“She also has far more knowledge of Freestate tech and local customs than you,” Juanita added. “And, there will be times when you’ll want a witness.”
      Mars and Annette O’Malley exited the elevator on the third floor and followed a hallway a short distance to an apartment door. Annette pressed a button next to a speaker.
      “There is no one home. May I assist?” said a robo-voice.
      “Dos Rios. Annette O’Malley. Investigation.”
      “Verifying,” the robo-voice said.
After a five-second delay, the apartment door clicked open. Mars followed Annette inside. They passed through a short hallway with a coat closet into a large, luxurious living room. The living room....indeed the entire apartment was decorated in 1930’s art deco style. The room contained an entertainment center, the controls to which were installed in the casing of a thirties-style stand-up radio. There was a recessed conversation pit with a stainless steel fireplace and a wet bar.
“I'll give this room a once-over,” said Annette.
      Mars went toward a door opposite the dining area. “Maybe there's an office.”
      The apartment had two bedrooms, the smaller one having been turned into a library. Mars spent a moment looking over the bookcases, finding a few titles he had in his own library. In San Diego, he remembered. There were two easy chairs in the room, with art deco-style reading lamps above and behind. At the back, facing a window with a view of the beach, there was a large desk with a built-in computer.
Mars went through drawers of the desk, examining a few of the items within and putting them back. He turned the computer on. The monitor slid up out of the desktop, showing a mountain pasture scene. He tried to get into the documents files, but they were password protected.
Annette entered the room and looked over his shoulder. “I have her passwords in an emergency file,” she said. “Just a sec.”
She lifted her sleeve and tapped at her forearm computer. “Ok. She only used three.” She wrote them on a notepad, pushed it over to Mars. “The first one opens the computer.”
“Thanks.” Mars typed in “19dodge68.”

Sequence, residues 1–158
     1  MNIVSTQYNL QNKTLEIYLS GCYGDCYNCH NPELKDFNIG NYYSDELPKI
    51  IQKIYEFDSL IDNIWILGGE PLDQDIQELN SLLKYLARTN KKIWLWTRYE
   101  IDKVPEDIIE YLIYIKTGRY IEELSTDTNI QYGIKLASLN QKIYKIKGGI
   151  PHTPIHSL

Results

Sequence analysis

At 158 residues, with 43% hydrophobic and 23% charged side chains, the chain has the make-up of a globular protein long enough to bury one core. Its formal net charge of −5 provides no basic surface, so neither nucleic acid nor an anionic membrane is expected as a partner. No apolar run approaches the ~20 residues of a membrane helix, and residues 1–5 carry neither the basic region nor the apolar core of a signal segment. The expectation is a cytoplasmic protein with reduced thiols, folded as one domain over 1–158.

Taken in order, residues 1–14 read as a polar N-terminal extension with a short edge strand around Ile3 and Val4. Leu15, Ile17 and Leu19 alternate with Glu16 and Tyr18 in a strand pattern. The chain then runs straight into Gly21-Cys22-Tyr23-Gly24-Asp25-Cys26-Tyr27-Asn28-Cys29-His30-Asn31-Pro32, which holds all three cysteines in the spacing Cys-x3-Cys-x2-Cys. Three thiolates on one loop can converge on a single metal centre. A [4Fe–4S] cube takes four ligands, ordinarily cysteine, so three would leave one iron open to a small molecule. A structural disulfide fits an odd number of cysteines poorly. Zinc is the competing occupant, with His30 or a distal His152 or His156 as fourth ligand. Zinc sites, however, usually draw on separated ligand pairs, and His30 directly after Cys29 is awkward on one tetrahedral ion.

“Copy the memory into your cuff. We’ll take it with us,” Annette said, leaving the room. “I’ll check the kitchen.”
Mars, still in the early stages of using the “cuff,” the wrist videophone, computer and camera that he’d first seen on Valerie MacDougal’s wrist, had to concentrate to get the computer’s memory to empty into his device. Hampered by the sling immobilizing his right arm, handling the controls of the cuff was quite a task. When his cuff finally indicated he’d saved the computer’s contents, he erased the computer entirely and turned it off.  
Meanwhile, Annette was quickly going through the cabinets. They were well-stocked with food and utensils, but nothing of relevant to the case. She moved on to the bedroom, where she looked through the closets and dressers. Nice clothes, a couple of spare weapons and a moderate supply of ammunition, but nothing to capture her attention. Hearing the click of the front door latch in a way that sounded like the intruder was trying to be quiet, Annette quickly rejoined Mars in the library.
The little fat man who was well paid to kill Mars Marlowe was not the sort to confront a foe and conquer him face to face. He would win no fights, he feared any sort of direct confrontation. Yet he had killed several men--with no thought for collateral damage. He set a measured amount of explosive against the wall behind which was the rest of the apartment. The timer was set for only fifteen seconds. He wasn’t heard entering the apartment, nor was his silent snicker heard as he started the timer. Then, in his haste to escape the area, he let the door latch click as he opened it to let himself out.
      “I heard. C’mon.” Thinking the intruder was still in the apartment, he took her arm. “We have what we need and we don’t need a gunfight here.”
      He led her through the bedroom and they quietly slipped out onto the veranda. He removed his arm from the sling to be able to use his arm, hoping he could use it effectively and that he wouldn’t re-injure it. They helped each other climb down to the first floor patio. Annette, in truth, was helping Mars more than the other way around.